Jane4Change photoshoot an abs-olute hit

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Jane Cahill’s OUSU presidential campaign received a peculiar endorsement this week after a group of topless students launched a photoshoot in support of her bid.

The male students, who describe themselves as members of Oxford’s “Gaytriarchy”, claim to be “abtivists” for the Jane4Change campaign.

The shoot, taken in Christ Church, shows the group dressed in brightly-coloured chinos with “Jane4Change” written across their chests.

Cai Wilshaw, who organised the campaign, said the group had an “absolute blast” making the piece.

“I was always supporting Jane4Change in the upcoming election, but after Jane’s incredible hust to the LGBT Society last Tuesday, a group of us decided we could do more to help promote the campaign.”

Facebook users weren’t the only people to appreciate the campaign. “We were even stopped halfway to pose for pictures with a horde of Japanese tourists,” Wilshaw said.

As well as Wilshaw, the photos also feature second-year students Otamere Guobadia and Adam Roberts, alongside freshers Joel Hide and Ben Critchley.

The shoot is a mimic of an infamous photograph of the Bullingdon Club, leading to the group nicknaming themselves the “Pullingdon Club”.

“The abtivism campaign was our way of endorsing Jane with maximum exposure – and also I think it reflects Jane4Change’s ethos as a friendly, fun slate but one with hard-hitting policies,” Wilshaw said.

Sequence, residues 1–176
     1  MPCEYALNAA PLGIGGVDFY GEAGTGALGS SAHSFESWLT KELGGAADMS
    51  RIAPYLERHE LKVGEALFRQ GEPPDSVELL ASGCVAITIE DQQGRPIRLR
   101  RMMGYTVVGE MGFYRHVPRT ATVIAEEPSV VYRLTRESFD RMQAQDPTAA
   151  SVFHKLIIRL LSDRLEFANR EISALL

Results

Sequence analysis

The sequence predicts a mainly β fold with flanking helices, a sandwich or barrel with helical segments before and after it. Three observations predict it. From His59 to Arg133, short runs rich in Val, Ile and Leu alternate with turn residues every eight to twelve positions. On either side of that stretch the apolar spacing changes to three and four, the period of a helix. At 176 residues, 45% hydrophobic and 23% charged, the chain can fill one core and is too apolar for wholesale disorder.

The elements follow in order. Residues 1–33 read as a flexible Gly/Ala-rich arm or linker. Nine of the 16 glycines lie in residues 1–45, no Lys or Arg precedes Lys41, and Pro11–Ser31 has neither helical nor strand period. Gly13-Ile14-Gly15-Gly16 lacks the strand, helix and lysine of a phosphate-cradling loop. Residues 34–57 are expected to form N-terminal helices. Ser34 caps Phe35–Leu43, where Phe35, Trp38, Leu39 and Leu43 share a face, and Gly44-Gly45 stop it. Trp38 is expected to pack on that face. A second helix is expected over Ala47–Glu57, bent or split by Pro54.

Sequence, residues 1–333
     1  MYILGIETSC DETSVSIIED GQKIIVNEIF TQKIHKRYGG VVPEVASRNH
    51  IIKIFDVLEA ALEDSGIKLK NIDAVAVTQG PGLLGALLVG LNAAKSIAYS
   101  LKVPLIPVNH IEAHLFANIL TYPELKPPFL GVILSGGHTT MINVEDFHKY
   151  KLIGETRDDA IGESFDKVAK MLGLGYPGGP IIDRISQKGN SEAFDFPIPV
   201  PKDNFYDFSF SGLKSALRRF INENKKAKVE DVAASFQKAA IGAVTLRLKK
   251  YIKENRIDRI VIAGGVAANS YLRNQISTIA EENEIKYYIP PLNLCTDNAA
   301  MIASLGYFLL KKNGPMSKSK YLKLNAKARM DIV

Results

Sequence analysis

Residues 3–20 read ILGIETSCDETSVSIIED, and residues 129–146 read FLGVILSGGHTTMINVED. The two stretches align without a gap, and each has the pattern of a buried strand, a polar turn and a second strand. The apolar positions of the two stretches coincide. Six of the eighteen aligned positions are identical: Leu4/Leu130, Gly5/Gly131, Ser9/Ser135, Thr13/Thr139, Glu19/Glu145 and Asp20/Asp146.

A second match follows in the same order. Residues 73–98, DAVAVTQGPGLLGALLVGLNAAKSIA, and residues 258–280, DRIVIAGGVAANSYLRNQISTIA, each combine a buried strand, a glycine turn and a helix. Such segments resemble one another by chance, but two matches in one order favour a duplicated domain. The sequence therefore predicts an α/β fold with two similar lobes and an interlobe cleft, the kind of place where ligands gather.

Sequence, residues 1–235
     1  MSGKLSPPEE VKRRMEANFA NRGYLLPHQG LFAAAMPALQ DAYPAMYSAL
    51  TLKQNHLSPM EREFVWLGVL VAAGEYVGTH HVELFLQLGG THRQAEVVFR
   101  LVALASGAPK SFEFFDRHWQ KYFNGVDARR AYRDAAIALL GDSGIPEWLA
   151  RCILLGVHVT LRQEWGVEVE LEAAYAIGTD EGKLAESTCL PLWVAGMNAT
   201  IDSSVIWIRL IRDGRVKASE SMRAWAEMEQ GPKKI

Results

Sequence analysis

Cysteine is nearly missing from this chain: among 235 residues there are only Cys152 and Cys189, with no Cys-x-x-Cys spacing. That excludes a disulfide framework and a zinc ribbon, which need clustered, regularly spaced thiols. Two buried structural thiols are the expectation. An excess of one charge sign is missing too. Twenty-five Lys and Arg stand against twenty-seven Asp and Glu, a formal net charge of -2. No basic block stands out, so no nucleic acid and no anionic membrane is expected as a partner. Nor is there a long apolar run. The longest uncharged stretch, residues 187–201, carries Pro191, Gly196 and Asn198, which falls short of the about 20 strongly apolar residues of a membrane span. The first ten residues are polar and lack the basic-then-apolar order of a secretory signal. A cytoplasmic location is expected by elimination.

“Once Jane caught wind of it she loved the idea, and I think it’s only fitting that we should endorse a slate whose diversity is unique in itself, with the highest level of LGBT and BME representation of any slate.”

Guobadia said it was a chance to put his “self-indulgent manwhoredom to good use”.

“When the opportunity arose for me to be in Jane’s unofficial petting zoo, I leapt at the opportunity to put my self-indulgent manwhoredom to good use.”

“After all, every OUSU candidate should be backed up by a sort of consensual harem of shirtless vain gay men, and I wouldn’t deny Jane the expense of my already fledgling dignity.”

Wilshaw received a positive response to the campaign on Twitter. Journalist Ben Cohen, who writes for the London Evening Standard, responded with: “Do I get to see them when in at Oxford next week for disability week?”

Wilshaw’s attempts to persuade broadcaster Stephen Fry to retweet the images, however, fell on deaf ears.

More photos from the shoot will be released in the coming days.

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